Along with the multi-layered script, the actors lend a great deal to the film. Lindsay Lohan was placed in a very similar situation in the recent Confessions of a Teenage Drama Queen, but she fares much better here. She is still a bit too cutesy when she reaches the “Plastic” phase, but her energy helps the film. Rachel McAdams is excellent as the evil Regina, and the viewer can’t help but hate her. Tina Fey appears in the film as math-teacher Ms. Norbury, and has some good lines. With Head Over Heels, Freaky Friday, and now Mean Girls, director Mark Waters in on a winning streak with chick flicks that contain a wicked sense of humor. Mean Girls can be enjoyed as a typical high-school film, but dig deeper and you’ll find a great comedy.

Mean Girls bullies its way onto DVD courtesy of Paramount Home Entertainment. The film is coming to DVD in two separate versions, one full-frame and the other widescreen. For the purposes of this review, only the widescreen version was viewed. The film has been letterboxed at 1.85:1 and the transfer is enhanced for 16 x 9 TVs. The transfer looks great, as the image is very sharp and clear, showing virtually no grain and no defects from the source material. The bright colors used in the film look fantastic, and there is only some minor oversaturation of the darker tones. There is some occasional edge-enhancement visible on the picture, but otherwise the video transfer looks fine. The DVD carries a Dolby Digital 5.1 audio track which provides clear dialogue, with no hissing or distortion. The constant rock music soundtrack sounds great, and there is some nice usage of surround sound to punctuate certain scenes.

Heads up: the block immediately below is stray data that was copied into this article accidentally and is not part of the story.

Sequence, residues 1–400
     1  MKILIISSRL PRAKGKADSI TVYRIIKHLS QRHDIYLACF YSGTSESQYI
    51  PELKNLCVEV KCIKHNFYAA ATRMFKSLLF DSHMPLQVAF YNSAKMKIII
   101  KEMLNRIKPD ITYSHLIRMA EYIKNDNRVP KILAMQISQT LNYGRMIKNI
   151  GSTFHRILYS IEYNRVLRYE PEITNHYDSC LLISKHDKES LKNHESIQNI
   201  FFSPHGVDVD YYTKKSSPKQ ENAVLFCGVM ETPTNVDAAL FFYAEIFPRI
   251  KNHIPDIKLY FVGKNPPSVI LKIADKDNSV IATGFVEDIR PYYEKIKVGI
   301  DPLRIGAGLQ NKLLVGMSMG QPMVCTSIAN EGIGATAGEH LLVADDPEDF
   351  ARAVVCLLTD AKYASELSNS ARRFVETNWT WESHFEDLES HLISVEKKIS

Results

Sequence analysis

The Mean Girls DVD comes with a few extras. We start with an audio commentary from director Mark Waters, actor/writer Tina Fey, and producer Lorne Michaels. This is an OK commentary, as the trio comments on the production of the film, talking about their cast and the choices in dialogue and costumes. The most interesting moments are when they talk about things that had to be changed or cut in order to avoid an R-rating. The DVD contains three featurettes. “Only the Strong Survive” is a 25-minute “making of” that avoids the usual clichés by focusing more on the story and the characters, and through comments from the cast and crew, we learn more about how the film came together. Author Rosalind Wiseman talks about her book “Queen Bees and Wannabes” in “The Politics of Girl World” (10 minutes). She speaks about the themes in the film and what her research has shown her about the behavior of girls. (Although, my sources tell me that “Odd Girl Out” by Rachel Simmons is a better book.) Costume designer Mary Jane Fort talks about the look of Mean Girls in “Plastic Fashion” (10 minutes). “Word Vomit” is a 6-minute blooper reel that contains some funny moments. “So Fetch -- Deleted Scenes” contains 9 scenes which can be viewed with or without commentary from Waters & Fey. All of the scenes are short, but there is some good stuff here. “Interstitials” are usually mini-movies, but the 3 contained on this DVD are simply TV spots that don’t contain clips from the film. Finally, we have the trailer for Mean Girls, which is letterboxed at 1.85:1.

8 out of 10 Jackasses